The Better Liar by Tanen Jones
Those who like stories told from multiple perspectives; those who relish a good, feasible but not totally telescoped twist.
In a nutshell:
Leslie’s dad has died, and the only way she can get her inheritance is to show up with her sister at the executor’s office. But Leslie has just visited her sister for the first time in ten years, finding her dead. How can she get the inheritance? Perhaps with the help of Mary, a woman who is willing to play a role for a certain amount of money.
“But liars are always specific. People who are telling the truth don’t bother to try to convince you.”
Why I chose it:
Part of an Easter paperback sale at Foyles. Plus, I’m trying to read more fiction.
Hoo boy. While I read the first 20 pages yesterday, I basically spent all of today reading the final 280, because I wanted to know what was going to happen.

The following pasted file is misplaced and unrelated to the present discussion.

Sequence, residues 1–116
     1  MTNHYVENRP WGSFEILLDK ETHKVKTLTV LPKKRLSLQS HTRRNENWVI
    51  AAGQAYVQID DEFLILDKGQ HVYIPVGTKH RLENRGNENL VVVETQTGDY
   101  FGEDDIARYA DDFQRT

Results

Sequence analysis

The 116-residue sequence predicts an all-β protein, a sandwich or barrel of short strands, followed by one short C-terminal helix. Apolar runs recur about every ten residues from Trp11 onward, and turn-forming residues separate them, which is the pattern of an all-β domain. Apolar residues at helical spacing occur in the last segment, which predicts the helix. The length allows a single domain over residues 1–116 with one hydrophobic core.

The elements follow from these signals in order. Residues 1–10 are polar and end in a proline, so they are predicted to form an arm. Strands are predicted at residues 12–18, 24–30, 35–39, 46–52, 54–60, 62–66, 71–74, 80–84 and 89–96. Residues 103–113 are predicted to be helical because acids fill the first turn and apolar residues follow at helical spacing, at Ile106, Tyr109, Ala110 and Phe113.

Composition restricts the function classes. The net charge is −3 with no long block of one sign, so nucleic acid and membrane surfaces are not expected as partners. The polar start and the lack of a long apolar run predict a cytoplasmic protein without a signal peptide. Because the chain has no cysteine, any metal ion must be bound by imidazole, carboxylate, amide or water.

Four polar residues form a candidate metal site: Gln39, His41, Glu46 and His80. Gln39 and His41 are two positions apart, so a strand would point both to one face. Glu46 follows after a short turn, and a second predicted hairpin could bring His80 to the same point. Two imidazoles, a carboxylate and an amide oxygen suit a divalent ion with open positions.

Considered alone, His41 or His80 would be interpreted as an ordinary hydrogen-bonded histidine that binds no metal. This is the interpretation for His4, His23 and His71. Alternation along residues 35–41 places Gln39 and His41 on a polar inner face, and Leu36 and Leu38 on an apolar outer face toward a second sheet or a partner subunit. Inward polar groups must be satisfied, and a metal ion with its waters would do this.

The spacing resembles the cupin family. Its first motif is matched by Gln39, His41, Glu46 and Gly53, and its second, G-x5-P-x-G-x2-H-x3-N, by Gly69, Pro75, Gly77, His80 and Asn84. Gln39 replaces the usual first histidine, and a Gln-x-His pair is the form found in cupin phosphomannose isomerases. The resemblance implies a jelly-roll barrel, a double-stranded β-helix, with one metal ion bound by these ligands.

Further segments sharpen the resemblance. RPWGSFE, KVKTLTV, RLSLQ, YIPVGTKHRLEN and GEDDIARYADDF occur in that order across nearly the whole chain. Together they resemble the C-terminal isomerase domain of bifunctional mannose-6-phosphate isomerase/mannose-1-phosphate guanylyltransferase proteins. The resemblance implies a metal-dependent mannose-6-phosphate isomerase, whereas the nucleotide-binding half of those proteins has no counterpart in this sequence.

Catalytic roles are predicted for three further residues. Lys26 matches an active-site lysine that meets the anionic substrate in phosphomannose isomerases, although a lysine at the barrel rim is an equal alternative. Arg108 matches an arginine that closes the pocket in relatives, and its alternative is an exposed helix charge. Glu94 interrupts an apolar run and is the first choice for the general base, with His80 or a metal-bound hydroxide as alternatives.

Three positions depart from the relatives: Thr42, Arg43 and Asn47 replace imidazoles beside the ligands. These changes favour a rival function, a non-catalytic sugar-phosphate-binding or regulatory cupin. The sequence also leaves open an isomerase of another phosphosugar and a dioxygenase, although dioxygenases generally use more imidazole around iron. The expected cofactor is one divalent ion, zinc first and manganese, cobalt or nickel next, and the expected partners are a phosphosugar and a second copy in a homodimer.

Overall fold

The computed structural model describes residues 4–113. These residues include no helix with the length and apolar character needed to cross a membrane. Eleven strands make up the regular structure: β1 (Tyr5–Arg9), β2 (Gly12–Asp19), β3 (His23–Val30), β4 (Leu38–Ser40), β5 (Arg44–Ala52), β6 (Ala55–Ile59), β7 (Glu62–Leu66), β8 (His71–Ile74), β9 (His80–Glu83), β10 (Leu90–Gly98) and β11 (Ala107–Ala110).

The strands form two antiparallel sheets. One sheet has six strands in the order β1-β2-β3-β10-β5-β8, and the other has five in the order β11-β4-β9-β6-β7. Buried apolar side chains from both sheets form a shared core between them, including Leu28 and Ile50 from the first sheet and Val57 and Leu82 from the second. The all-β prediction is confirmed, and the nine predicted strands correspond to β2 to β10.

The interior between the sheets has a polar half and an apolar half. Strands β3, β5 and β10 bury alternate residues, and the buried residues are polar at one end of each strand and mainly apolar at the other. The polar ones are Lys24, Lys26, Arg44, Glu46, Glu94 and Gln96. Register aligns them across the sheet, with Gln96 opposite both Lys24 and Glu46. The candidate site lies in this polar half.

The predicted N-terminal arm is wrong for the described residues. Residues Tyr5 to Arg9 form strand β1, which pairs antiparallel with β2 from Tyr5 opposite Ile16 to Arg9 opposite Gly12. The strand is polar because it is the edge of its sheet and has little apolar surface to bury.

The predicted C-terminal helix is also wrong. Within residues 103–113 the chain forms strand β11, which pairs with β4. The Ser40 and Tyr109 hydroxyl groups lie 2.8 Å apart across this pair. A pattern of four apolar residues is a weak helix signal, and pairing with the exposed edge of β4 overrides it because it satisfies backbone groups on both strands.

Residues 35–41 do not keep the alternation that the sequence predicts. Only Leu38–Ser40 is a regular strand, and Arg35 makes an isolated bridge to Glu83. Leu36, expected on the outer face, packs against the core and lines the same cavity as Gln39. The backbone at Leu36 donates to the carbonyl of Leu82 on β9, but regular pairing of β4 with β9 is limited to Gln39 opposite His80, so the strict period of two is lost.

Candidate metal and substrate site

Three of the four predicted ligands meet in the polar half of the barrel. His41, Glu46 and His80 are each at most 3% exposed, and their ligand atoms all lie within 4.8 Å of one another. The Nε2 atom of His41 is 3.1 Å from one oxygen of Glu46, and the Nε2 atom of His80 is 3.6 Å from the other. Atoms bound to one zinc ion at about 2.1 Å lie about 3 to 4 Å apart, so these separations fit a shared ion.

The book alternates between the perspectives of Leslie, Robin’s ghost (Leslie’s dead sister), and Mary, the waitress Leslie meets in Vegas after she sees her sister Robin’s body. Leslie is desperate for her $50,000 inheritance, and tells Mary it’s because she’s lost her job and going to lose her house. But Mary learns Leslie still has her job, house is fine. Leslie has a one-year-old baby, and her husband Dave might be cheating on her, so Mary become very curious about why Leslie lied to her, and what she is hiding.
This is a well-told story. There are some moments that slightly beggar belief, but they soon make sense in the broader context of the story. There are twists, there are cringe-worthy moments, and there are moment when the reader genuinely feels for Leslie while also perhaps judging her a bit for her choices.
I won’t spoil the book, but I think it’s important to share a broader content note around mental health issues; the author provides more exploration of the specific mental health issue addressed in the book at the end in a way I haven’t seen before, and appreciated.
Keep it / Pass to a Friend / Donate it / Toss it:
Pass to a friend.